Meet The Jewish Corn Farmers Of Iowa

If you drive south on Iowa’s County Road K42 off Highway 20 and look to your right just before you get to 190th, you’ll see cornstalks at the corners of the field.

That’s my land. Every year I negotiate two contracts with my renter: one for the use of the ground, and one for the corn he leaves at the corners.

When I moved with my wife and two daughters to Sioux City in 1985 I knew nothing about how America produces food.

We had picked this town for my career, then with the Indian Health Service, and the Jewish community, then aging but thriving. The Orthodox, Conservative and Reform Congregations supported the Jewish Community Center which held the Hebrew School and Sunday School. At the time I could barely read aleph-bet; I had my Bar Mitzvah at age 32 in New Mexico.

We located a Jewish real estate agent who sold us the house next door. Her husband grew up with his father and uncles, siblings and cousins, working a string of Jewish family farms that stretched for miles just east of the Missouri River. He raised corn, soybeans, cattle, and hogs. He came regularly to the Conservative synagogue that our family joined. I didn’t know much more Hebrew than he did. Living on an Indian Reservation for 3 years reinforced what I’d always known about myself: that I didn’t like big cities and that I wanted more Judaism in my life.

I had come to the right place.

Having a wife with a good Jewish education and my own set of Encylopedia Judaica helped. But so did hanging around with Jim Sherman. He grew up Jewish and farming in the area. As his children grew they encouraged his Yiddishkeit, so that by the time we met he had acquired an immense knowledge.

He served as an example and a teacher, and, while the Jewish population collapsed, as a lay leader he guided the merger of the Conservative and Reform congregations.

With the growth of the Internet, my Hebrew has expanded. For the last 4 years I’ve read 3rd or 4th aliyah (section of the weekly Torah reading) on Saturday mornings from the bimah (podium); I slip in as substitute gabbai (sexton) when needed.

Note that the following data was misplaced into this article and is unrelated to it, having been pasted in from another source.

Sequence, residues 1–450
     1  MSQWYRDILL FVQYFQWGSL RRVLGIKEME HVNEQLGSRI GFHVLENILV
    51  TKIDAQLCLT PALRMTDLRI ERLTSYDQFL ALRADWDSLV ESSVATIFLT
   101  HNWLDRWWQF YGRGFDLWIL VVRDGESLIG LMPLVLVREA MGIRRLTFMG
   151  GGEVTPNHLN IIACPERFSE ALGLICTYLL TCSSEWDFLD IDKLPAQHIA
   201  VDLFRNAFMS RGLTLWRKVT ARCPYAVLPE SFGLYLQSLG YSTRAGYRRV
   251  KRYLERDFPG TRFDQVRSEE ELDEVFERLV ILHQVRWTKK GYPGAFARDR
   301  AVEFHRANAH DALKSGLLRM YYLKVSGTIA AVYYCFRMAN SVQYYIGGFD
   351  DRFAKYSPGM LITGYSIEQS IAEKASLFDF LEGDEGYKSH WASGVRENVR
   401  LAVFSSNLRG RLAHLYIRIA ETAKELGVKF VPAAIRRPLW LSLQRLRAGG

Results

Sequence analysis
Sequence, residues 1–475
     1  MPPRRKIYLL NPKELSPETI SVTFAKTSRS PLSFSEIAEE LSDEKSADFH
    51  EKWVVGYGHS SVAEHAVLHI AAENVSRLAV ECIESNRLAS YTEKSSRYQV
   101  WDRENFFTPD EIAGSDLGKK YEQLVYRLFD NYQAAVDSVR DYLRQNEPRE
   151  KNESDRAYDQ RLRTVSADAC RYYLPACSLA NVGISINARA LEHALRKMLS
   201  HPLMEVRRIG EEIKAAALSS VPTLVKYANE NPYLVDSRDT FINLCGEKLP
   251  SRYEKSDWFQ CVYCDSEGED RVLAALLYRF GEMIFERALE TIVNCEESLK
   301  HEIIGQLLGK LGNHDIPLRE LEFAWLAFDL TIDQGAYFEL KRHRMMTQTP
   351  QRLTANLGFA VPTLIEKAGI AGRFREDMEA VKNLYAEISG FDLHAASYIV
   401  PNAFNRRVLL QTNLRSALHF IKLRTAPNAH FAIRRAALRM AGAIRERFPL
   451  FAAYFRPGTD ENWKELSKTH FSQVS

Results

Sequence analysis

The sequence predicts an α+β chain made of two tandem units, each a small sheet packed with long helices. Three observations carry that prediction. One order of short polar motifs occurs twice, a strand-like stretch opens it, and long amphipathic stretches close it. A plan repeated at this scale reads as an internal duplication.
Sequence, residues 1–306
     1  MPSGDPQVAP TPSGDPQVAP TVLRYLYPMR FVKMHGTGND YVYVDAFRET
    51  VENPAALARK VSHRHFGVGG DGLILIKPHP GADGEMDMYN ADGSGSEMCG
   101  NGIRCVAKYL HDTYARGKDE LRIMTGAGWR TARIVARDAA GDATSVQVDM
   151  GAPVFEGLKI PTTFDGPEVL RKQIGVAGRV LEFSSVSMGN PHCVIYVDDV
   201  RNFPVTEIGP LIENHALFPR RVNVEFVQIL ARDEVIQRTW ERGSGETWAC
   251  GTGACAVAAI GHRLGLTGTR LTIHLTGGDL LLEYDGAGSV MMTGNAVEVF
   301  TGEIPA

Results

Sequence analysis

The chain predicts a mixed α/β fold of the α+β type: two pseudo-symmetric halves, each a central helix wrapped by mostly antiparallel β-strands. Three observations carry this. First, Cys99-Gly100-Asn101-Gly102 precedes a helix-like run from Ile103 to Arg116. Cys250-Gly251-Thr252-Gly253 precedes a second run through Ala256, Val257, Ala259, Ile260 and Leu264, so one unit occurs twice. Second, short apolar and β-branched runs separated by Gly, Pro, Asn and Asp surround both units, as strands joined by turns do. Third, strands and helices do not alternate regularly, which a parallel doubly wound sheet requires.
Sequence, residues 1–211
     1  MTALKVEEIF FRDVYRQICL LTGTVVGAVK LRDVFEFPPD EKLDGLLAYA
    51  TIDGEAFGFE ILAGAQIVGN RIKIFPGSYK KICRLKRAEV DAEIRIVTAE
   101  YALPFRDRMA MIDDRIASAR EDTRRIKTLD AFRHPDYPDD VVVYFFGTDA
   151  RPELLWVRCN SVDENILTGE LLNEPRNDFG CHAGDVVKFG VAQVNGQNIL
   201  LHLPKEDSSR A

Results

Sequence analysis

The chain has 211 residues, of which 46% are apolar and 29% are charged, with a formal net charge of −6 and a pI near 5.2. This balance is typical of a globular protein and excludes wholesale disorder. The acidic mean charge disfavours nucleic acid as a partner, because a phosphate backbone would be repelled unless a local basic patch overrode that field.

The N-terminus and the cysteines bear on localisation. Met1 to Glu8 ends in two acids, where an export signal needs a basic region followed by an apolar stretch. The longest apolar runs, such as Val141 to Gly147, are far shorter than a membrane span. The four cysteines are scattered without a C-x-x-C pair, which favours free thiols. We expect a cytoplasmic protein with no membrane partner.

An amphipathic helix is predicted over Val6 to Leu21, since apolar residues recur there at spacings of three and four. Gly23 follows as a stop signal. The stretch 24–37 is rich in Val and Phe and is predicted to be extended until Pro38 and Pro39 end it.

The years have passed. The Jewish population has shrunk from 1,100 in 1985 to 130; the old died and the young moved to the big cities. We told our three daughters when they went to college that they couldn’t move back if they weren’t married.

Small towns have both advantages and disadvantages. With Jewish learning class sizes in the single digits, personal involvement of teachers and tremendous family support, our children got good Jewish educations. But they also got good secular educations. Back in the 80’s we had enough Jewish kids attending religious school on Tuesdays and Thursdays that the public schools didn’t schedule events on those afternoons. In a low xenophobia milieu fostered by successive waves of immigrants working the meat packing plants, we found it easy to bring up the children Jewish when the families around us were raising their children Christian.

The area votes consistently Republican, and the Jewish community includes some staunch Conservatives. But most people regard partisan politics with cynicism, disagreeing with their party affiliation on at least one major issue. We readily recognize attempts to demonize the opposition.

When we moved in our neighbors made sure we met the other half-dozen Jewish farmers in the area. I eventually I found out first-hand the thrill of land ownership. I’ve strengthened the credibility that having cropland brings by learning the vocabulary of crop production and occasionally riding a combine at harvest.

I’ve also experienced the wonder of seeing 8-foot high corn growing on my land and the joy of watching golden-yellow corn streaming from a combine into a semi. Thirty years ago, 100 bushels of corn per acre got a person bragging rights; this last year at 220 bushels per acre, I couldn’t boast, but I came close to getting sympathy.

I make sure I strike a fair deal with my tenant farmer; I guarantee him that even if crop prices fall he won’t lose money farming my ground. And I pay him for the grain in the unharvested corners, in accordance with Leviticus 23:22. I’m trying to be a light to the nations.

The views and opinions expressed in this article are the author’s own and do not necessarily reflect those of the Forward.

Meet The Jewish Corn Farmers Of Iowa

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